Critic David Thomson has responded to Anne Billson’s Guardian response to his 6.21 London Review of Books essay about Alfred Hitchcock‘s Vertigo.

Thomson questioned whether Hitchcock’s 1958 masterpiece is an acceptable fit in the #MeToo era. He said that given Hitchcock’s creepy attitudes toward women on-screen (and his behavior toward Tippi Hedren in the early ’60s) he doubts Vertigo will be #1 again when Sight & Sound critics vote in 2022.

Billson replied that Hitchcock “created many strong and perceptive female characters,” as I summarized yesterday, “and that many of his male characters are weak and vacillating.

“For a so-called misogynist, his films feature a lot of intrepid heroines,” Billson writes. “Even when the women are nominally just love interests, they are unusually plucky and quick-witted.”

The subhead of Billson’s piece: “While some critics see the film, released 60 years ago, as proof of Hitchcock’s sexist creepiness, a closer look reveals that strong women and weak men were often at the heart of his work.”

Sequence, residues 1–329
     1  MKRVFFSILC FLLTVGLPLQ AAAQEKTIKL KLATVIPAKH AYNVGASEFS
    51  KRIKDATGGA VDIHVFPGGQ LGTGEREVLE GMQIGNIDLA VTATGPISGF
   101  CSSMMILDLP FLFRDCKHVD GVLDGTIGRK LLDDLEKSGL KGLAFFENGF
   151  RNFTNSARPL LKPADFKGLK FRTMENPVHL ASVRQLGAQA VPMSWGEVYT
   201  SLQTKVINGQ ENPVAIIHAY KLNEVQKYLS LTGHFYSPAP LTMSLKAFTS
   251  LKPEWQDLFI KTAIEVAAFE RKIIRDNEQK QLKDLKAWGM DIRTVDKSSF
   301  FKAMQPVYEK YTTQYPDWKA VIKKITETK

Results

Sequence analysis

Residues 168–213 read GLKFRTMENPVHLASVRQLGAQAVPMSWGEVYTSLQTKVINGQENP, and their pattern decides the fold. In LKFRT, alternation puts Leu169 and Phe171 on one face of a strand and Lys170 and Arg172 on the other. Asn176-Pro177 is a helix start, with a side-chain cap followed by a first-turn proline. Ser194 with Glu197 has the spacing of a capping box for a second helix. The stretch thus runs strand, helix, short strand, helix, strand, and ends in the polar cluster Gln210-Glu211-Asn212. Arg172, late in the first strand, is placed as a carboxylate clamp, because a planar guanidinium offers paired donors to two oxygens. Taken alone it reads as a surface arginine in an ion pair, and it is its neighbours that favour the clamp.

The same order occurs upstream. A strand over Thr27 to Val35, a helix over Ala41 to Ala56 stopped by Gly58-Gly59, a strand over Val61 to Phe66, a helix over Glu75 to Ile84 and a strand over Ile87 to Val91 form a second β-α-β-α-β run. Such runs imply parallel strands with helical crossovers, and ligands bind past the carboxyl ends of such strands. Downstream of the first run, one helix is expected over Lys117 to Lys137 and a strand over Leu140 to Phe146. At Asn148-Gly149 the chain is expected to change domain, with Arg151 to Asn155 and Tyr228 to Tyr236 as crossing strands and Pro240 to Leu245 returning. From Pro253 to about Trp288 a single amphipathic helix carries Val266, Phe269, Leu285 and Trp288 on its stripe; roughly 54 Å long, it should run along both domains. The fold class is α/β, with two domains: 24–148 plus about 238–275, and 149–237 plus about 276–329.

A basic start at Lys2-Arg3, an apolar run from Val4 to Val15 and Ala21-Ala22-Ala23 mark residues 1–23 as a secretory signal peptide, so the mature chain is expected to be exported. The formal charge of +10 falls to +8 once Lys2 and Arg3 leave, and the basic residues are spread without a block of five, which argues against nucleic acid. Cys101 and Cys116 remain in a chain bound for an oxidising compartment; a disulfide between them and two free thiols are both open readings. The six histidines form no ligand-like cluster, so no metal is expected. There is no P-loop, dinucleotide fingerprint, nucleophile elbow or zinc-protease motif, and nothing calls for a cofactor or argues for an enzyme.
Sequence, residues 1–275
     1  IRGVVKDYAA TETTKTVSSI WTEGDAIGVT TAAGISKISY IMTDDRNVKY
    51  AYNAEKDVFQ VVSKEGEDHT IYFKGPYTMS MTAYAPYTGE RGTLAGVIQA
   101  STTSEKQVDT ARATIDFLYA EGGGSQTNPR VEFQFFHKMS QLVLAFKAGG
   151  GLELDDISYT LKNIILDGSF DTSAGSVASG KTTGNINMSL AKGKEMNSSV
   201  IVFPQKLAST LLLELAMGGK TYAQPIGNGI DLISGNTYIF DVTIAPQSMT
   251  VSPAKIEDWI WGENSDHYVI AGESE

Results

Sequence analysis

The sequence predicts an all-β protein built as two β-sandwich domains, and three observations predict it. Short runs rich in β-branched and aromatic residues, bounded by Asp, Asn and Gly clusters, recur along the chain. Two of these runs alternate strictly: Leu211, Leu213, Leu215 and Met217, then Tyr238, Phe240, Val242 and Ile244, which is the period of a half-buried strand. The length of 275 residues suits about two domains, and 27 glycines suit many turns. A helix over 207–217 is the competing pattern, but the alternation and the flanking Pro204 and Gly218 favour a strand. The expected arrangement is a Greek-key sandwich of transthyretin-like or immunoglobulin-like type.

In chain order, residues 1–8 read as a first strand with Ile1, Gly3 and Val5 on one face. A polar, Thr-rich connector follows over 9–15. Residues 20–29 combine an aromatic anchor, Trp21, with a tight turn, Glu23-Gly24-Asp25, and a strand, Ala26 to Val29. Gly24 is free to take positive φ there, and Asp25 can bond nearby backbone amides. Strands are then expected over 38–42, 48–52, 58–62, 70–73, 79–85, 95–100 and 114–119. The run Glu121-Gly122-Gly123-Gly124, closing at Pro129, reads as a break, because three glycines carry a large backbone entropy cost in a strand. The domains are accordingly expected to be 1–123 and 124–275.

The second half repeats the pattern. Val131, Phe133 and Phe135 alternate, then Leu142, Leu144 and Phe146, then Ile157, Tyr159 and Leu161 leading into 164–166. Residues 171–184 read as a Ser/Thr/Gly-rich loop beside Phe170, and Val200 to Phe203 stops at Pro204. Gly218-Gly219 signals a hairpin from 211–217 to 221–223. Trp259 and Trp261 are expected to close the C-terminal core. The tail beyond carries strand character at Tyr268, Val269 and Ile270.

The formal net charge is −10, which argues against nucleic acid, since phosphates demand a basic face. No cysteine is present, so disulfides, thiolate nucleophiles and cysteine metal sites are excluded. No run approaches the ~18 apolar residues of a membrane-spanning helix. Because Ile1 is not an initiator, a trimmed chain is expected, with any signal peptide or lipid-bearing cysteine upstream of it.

Thomson replied today as follows: “I enjoyed Anne Billson’s article and I agree with a lot of it. But I find it hard to see [Kim Novak‘s] Judy Barton in Vertigo as a ‘strong’ character.

“After all, she has come to San Francisco to survive. She is not quite young any more and there are hints of failure along her way. So she gives herself to a fanciful and very cruel plot. She is being hired (and paid surely) to destroy two people — Madeleine Elster and Scotty Ferguson. There seems every likelihood that she has become Elster’s mistress in that process.

“In other words, she is a tool, being manipulated, and giving up her self. So when she starts to fall for Scotty, she cannot admit it. And after that, dumped by Gavin, she lingers in San Francisco, as if to wait for Scotty to notice her, as Judy. But then she has to be Madeleine again. With further disaster, including her death.

“It’s hard to think of a clearer case of victimhood. or a film so in love with romantic tragedy.”